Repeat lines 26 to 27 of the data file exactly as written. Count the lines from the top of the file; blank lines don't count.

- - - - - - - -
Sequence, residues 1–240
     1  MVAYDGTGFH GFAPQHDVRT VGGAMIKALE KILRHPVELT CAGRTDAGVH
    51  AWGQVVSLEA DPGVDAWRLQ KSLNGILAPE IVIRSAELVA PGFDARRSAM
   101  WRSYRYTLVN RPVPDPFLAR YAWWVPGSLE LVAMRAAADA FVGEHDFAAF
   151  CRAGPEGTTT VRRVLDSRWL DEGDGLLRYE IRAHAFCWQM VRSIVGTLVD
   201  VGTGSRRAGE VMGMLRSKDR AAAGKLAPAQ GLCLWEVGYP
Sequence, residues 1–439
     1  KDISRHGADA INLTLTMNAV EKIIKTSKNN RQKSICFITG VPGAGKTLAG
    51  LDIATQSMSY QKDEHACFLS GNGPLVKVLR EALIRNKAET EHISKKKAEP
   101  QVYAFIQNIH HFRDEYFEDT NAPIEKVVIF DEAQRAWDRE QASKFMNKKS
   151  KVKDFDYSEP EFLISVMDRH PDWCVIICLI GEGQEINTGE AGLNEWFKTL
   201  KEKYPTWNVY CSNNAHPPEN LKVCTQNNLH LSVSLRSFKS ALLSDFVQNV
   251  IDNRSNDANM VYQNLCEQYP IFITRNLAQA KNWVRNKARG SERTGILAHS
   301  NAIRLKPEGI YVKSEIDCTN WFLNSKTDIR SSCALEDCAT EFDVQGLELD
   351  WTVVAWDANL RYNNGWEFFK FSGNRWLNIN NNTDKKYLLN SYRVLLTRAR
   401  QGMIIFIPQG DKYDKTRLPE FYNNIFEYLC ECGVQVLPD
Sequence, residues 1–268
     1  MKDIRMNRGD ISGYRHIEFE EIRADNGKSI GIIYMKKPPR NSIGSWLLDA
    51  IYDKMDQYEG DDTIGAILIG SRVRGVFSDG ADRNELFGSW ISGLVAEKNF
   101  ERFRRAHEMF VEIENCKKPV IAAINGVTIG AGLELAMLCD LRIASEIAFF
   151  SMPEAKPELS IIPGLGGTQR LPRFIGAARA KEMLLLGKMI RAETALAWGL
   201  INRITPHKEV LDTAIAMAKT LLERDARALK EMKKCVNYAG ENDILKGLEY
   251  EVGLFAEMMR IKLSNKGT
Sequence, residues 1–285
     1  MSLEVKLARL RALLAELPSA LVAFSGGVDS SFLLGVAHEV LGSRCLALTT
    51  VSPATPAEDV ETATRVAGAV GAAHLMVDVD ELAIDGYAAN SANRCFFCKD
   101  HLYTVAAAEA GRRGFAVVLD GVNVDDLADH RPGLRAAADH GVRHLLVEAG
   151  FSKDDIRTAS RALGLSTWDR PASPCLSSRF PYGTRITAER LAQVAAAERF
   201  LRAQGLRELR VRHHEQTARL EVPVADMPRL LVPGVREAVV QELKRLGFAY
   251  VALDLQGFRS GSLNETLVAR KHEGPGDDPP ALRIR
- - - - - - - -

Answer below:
    51  VSPATPAEDV ETATRVAGAV GAAHLMVDVD ELAIDGYAAN SANRCFFCKD
   101  HLYTVAAAEA GRRGFAVVLD GVNVDDLADH RPGLRAAADH GVRHLLVEAG